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People are losing faith in self-driving cars following recent fatal crashes


For a while, people were really excited about the potential of self-driving cars, which promised to make our future commutes easier, more productive, and safer. Then came some high-profile autonomous vehicle accidents -- including two fatal crashes -- and let's just say the excitement has waned a bit. SEE ALSO: Tesla's Autopilot fails haven't shaken my faith in self-driving cars. A new survey released Tuesday by the American Automobile Association found that 73 percent of American drivers are scared to ride in an autonomous vehicle. That figure is up 10 percent from the end of last year.

Rethinking Autonomous Vehicles


Nearly three-quarters of Americans are afraid to ride in self-driving cars, according to the latest survey by the American Automobile Association. There is bad news ahead for the many automobile and technology companies currently developing, and road-testing, self-driving cars: many people are too frightened to ride in driverless vehicles. The American Automobile Association (AAA) May consumer trust survey on autonomous vehicles (AVs) found that 73% of U.S. citizens now fear traveling in an AV, compared with 63% just six months before. In addition, the survey found that two-thirds of millennials--a supposedly tech-loving generation--are also too fearful to ride in self-driving cars. The AAA even has unwelcome news from pedestrians and cyclists, with nearly two-thirds saying they don't trust AVs enough to use roads and sidewalks alongside them.

Would YOU get in a self driving car? 75% of Americans wont

Daily Mail - Science & tech

While technology firms rush to put self driving cars on the roads, a new study has revealed one problem - people could be too scared to get in them. A new report from AAA found that three-quarters of Americans reported feeling afraid to ride in a self-driving car, while and only 10 percent said that they'd feel safer sharing the roads with driverless vehicles. However, it also discovered 59% were keen to have some self driving technology in their next vehicle. The AAA report said 59% of drivers were, however, keen to have some self driving technology in next vehicle, although it found just 10% said they'd feel safer sharing roads with driverless cars'A great race towards autonomy is underway and companies are vying to introduce the first driverless cars to our roadways,' said Greg Brannon, AAA's director of Automotive Engineering and Industry Relations. 'However, while U.S. drivers are eager to buy vehicles equipped with autonomous technology, they continue to fear a fully self-driving vehicle.'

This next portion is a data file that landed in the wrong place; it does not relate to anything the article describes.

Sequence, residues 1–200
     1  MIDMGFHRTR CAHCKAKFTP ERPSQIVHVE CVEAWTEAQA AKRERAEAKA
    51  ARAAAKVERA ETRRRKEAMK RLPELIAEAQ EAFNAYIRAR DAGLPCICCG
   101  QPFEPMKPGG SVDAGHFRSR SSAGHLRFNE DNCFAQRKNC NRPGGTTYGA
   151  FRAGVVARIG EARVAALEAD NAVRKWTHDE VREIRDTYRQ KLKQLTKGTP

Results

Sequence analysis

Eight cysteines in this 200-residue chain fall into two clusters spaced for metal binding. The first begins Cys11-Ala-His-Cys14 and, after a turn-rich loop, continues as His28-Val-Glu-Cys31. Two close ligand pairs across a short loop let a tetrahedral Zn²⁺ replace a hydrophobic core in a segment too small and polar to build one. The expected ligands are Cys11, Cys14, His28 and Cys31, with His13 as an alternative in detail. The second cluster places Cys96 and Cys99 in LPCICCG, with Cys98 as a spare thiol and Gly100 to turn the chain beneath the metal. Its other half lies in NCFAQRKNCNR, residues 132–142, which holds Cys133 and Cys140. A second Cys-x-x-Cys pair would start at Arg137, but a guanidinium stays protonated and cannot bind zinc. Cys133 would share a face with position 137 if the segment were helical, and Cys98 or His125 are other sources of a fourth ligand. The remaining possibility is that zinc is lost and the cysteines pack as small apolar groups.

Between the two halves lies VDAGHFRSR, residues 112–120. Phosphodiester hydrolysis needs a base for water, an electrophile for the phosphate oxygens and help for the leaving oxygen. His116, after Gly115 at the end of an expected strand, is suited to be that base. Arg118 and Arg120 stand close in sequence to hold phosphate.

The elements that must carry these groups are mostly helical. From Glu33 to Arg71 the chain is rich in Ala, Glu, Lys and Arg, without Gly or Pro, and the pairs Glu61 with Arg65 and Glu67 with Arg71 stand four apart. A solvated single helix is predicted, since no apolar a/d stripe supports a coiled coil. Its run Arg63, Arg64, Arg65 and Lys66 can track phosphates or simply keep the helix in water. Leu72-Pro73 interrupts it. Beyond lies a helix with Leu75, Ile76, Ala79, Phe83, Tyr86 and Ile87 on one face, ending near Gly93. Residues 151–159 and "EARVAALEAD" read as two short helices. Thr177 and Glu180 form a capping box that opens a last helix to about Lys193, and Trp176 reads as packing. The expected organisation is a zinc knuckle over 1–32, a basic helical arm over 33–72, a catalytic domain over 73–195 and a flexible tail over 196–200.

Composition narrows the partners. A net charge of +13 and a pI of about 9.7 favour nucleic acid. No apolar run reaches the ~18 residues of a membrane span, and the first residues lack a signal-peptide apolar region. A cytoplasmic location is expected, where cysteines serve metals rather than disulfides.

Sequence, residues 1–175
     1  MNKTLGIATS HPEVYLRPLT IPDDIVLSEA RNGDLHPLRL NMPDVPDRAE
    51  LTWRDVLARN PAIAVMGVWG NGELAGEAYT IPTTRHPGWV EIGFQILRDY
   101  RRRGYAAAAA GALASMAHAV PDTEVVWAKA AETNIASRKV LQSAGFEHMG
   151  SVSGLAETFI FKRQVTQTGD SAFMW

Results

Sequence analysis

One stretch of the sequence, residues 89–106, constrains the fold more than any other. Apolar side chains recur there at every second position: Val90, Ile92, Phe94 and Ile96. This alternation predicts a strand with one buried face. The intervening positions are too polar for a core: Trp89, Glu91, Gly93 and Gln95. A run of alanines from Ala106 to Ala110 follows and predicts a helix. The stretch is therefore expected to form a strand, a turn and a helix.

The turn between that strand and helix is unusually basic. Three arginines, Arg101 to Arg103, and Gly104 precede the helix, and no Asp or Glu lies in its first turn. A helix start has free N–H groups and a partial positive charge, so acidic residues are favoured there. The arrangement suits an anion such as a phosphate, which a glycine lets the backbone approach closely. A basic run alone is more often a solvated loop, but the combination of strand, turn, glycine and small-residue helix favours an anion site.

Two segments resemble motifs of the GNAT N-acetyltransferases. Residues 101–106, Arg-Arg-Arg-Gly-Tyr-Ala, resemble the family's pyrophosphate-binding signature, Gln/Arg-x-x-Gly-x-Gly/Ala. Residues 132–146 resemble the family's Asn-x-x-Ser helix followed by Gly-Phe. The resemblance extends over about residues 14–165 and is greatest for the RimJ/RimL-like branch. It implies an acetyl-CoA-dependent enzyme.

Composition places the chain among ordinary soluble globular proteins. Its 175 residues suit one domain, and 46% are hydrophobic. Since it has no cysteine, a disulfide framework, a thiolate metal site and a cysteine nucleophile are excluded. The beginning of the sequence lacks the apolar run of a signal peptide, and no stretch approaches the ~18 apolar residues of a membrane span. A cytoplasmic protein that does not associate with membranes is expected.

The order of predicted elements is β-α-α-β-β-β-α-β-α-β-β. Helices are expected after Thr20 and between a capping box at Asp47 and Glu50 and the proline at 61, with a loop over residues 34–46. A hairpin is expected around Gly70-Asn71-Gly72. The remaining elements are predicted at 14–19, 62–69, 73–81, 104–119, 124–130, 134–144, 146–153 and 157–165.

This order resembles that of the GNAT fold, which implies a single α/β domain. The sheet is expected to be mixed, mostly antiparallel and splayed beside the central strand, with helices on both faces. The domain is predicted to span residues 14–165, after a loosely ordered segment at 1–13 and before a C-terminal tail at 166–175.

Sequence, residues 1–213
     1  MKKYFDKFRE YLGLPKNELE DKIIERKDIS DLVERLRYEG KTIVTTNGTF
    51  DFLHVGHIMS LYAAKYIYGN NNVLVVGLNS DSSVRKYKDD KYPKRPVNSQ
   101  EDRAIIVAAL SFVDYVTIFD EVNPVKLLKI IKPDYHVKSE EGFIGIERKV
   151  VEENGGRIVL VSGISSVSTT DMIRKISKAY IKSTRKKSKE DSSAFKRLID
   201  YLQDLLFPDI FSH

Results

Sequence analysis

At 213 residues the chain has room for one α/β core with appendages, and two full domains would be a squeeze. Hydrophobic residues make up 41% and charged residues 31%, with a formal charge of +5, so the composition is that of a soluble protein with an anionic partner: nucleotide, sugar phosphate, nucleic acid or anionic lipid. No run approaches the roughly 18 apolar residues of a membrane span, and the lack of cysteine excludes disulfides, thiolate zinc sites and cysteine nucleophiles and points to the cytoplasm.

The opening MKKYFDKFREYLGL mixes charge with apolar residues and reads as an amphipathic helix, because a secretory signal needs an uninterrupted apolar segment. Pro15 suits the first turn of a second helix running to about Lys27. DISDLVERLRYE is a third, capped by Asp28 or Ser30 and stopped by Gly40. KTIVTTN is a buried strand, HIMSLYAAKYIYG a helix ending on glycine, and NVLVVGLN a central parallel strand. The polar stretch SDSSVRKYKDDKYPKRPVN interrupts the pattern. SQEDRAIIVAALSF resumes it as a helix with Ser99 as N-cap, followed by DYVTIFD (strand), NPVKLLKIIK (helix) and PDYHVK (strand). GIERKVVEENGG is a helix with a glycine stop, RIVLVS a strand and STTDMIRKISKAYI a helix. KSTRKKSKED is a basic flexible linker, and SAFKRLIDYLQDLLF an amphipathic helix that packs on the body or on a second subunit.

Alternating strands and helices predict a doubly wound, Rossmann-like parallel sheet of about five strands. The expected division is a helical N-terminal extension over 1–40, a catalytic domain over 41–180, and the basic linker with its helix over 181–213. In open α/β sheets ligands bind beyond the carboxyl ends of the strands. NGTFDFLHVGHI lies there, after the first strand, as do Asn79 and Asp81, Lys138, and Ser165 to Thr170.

How do you get people to trust autonomous vehicles? This company is giving them 'virtual eyes.'

Washington Post - Technology News

One of the biggest challenges facing car companies developing driverless vehicles has little do with sophisticated robotics or laser technology. Instead, they must figure out how to engineer something far more amorphous but no less important: human trust, the kind that is communicated when human drivers and pedestrians make eye contact at a crosswalk. Surveys indicate that large portions of the public harbor deep reservations about the safety of self-driving technology, so Jaguar Land Rover enlisted the help of cognitive psychologists to unpack "how vehicle behaviour affects human confidence in new technology," the British automaker said in a news release. Its solution for answering that question: virtual eyes, a large cartoonish pair that bring to mind the plastic googly eyes you probably glued onto projects in elementary school. The eyes have been fitted to autonomous vehicles known as "intelligent pods."

Autonomous Vehicle Support is Revving Up - Your AAA Network


Smart car (HUD), Autonomous self-driving mode vehicle on metro city road iot concept with graphic sensor radar signal system and internet sensor connect. Also known as autonomous vehicles, cars and trucks with self-driving capabilities are becoming increasingly prevalent in the new car market. Features like adaptive cruise control with low-speed follow, which can slow a vehicle and even bring it to a stop while leaving cruise control engaged, are found on Mazdas, Hondas and other makes that sell millions of new cars every year. The success of these features has apparently persuaded some drivers to change their tunes about self-driving cars. The latest AAA Autonomous Vehicle Consumer Survey found that the number of U.S. drivers who say they are afraid to drive in self-driving cars has declined from 78 percent to 63 percent over the last year.